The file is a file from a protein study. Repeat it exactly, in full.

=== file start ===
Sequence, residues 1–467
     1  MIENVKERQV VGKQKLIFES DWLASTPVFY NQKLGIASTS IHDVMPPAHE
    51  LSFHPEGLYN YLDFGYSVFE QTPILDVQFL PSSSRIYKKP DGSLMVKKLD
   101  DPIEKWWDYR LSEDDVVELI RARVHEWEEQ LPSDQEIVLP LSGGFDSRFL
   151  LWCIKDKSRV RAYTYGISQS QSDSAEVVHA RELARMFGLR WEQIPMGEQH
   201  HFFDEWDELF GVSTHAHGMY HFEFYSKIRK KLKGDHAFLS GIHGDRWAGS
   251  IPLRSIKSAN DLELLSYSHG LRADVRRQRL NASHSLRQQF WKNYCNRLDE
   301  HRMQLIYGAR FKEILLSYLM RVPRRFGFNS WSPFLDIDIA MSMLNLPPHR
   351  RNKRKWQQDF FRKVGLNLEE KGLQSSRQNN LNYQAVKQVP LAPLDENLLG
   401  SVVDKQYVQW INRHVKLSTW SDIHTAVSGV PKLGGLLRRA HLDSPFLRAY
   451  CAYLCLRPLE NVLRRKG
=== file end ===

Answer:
Sequence, residues 1–467
     1  MIENVKERQV VGKQKLIFES DWLASTPVFY NQKLGIASTS IHDVMPPAHE
    51  LSFHPEGLYN YLDFGYSVFE QTPILDVQFL PSSSRIYKKP DGSLMVKKLD
   101  DPIEKWWDYR LSEDDVVELI RARVHEWEEQ LPSDQEIVLP LSGGFDSRFL
   151  LWCIKDKSRV RAYTYGISQS QSDSAEVVHA RELARMFGLR WEQIPMGEQH
   201  HFFDEWDELF GVSTHAHGMY HFEFYSKIRK KLKGDHAFLS GIHGDRWAGS
   251  IPLRSIKSAN DLELLSYSHG LRADVRRQRL NASHSLRQQF WKNYCNRLDE
   301  HRMQLIYGAR FKEILLSYLM RVPRRFGFNS WSPFLDIDIA MSMLNLPPHR
   351  RNKRKWQQDF FRKVGLNLEE KGLQSSRQNN LNYQAVKQVP LAPLDENLLG
   401  SVVDKQYVQW INRHVKLSTW SDIHTAVSGV PKLGGLLRRA HLDSPFLRAY
   451  CAYLCLRPLE NVLRRKG